Am I the only one here who's suddenly developed an itch?
Didn't think so.
Pet Cabana — Who says a dog's life can't be 'la vida loca?'
From the website:
- Pet Cabana
This pet bed has a cabana that provides instant shade for your dog or cat, ensuring optimal comfort at the beach, by the pool or in a park.
The cabana is sealed with a SPF 50 coating, providing 50 times more protection against ultraviolet rays than your pet's coat.
The bed's exterior is made from a durable outdoor canvas that is mildew-resistant and can withstand years of rugged use, while the interior is filled with memory foam that conforms to the contours of you pet's body, relieving stress on joints and muscles.
Includes a storage bag for ease of portability.
Bed cover is machine washable/line dry.
Cabana removes easily via zipper.
For pets up to 50 lbs.
How do you say piña colada in dogspeak?
'In Italy, a priest writing in the religious journal La Civilta Cattolica urged missionaries to consider Second Life a new place to save souls'
The headline above is the final sentence of today's Washington Post Business section front page article by Mike Musgrove about the news that Second Life has decided to close down its gambling operations.
As constant readers may recall, I do have a representative in Second Life but he (she? it?) doesn't do a whole lot more than stand there in one spot, looking stupid.
Hey, joe — you sure that's an avatar?
Never mind the peanut gallery — where was I?
Oh, yeah, your soul.
Here's a Reuters report about how the Roman Catholic church is spearheading the advance of organized religion into virtual space.
- Jesuits say take the word of God to Second Life
Catholic missionaries have always trekked to dangerous parts of the Earth to spread the word of God — now they are being encouraged to go into the virtual realm of Second Life to save virtual souls.
In an article in Rome-based Jesuit journal La Civilta Cattolica, academic Antonio Spadaro urged fellow Catholics not to be scared of entering the virtual world which may be fertile ground for new converts wishing to better themselves.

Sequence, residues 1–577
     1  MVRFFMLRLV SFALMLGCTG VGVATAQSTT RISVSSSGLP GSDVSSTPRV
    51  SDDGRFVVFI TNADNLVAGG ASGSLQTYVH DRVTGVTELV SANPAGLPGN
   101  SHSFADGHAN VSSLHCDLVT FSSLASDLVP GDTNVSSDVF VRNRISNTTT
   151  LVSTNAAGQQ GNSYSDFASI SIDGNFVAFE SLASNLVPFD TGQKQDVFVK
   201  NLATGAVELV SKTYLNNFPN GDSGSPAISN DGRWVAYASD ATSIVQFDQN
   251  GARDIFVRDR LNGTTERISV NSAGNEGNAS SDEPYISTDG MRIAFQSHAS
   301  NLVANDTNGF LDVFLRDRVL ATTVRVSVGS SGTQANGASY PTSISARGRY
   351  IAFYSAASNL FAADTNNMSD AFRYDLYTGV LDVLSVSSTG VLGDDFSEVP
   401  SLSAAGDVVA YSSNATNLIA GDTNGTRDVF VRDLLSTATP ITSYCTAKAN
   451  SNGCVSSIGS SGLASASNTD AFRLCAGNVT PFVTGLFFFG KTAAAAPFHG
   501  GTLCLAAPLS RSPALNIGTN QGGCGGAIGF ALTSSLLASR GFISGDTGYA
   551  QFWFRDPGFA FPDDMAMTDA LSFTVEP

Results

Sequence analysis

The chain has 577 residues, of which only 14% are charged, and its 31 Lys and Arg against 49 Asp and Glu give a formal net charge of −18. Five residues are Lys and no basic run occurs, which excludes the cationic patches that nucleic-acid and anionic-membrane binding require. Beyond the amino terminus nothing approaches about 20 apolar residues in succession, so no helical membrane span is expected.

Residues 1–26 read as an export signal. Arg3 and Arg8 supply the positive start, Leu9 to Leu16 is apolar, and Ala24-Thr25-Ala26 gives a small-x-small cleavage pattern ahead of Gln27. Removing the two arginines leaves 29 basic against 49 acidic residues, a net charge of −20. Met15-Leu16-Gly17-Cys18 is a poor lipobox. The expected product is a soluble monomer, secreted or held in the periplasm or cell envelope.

"It's not possible to close our eyes to this phenomenon or rush to judge it," Spadaro said. "Instead it needs to be understood... the best way to understand it is to enter it."
Second Life is a simulation game where players can create a virtual version of themselves — an avatar — and interact with other people in the three-dimensional world.
According to its Web site, it has a population of more than 8 million residents and millions of dollars change hands there every month.
"Is there (cyber) space for God?" Spadaro asks in his article which says there are already virtual churches and temples serving countless religions. He quotes a Swedish Muslim who says his avatar prays regularly as he prays in real life.
Spadaro warns the uninitiated that "the erotic dimension is very present" in Second Life, that people can buy genitalia for their avatars in a world that is "open to any form of erotic stimulation from prostitution to paedophilia".
While the virtual world might be a refuge for some people seeking to flee the real one, it is also full of people seeking something more from life, including, possibly, religious enlightenment, he said.
"Deep down, the digital world can be considered, in its way, mission territory," he said. "Second Life is somewhere where the opportunity to meet people and to grow should not be missed, therefore, any initiative that can inspire the residents in a positive way should be considered opportune."
Is Antonio Spadaro the St. Peter of Second Life?
I wonder if Jewel's great song might not become the 21st century equivalent of "Amazing Grace" in the virtual world.
Tell you what — her wonderful version up top came close to converting me in this one.
Smart Funnel — 'Won't allow overflow'
From the website:
- Smart Funnel
• Unique lever slides to close funnel opening when finished
• Can be used with liquids or powders
• Helps to avoid messes and waste
• Easy to use and easy to clean
• Patent pending
Dimensions: 6.10"L x 5.12"W x 5.71"H (15.5cm L x 13.0cm W x 14.5cm H)
The Vanity of Compassion — by E. M. Cioran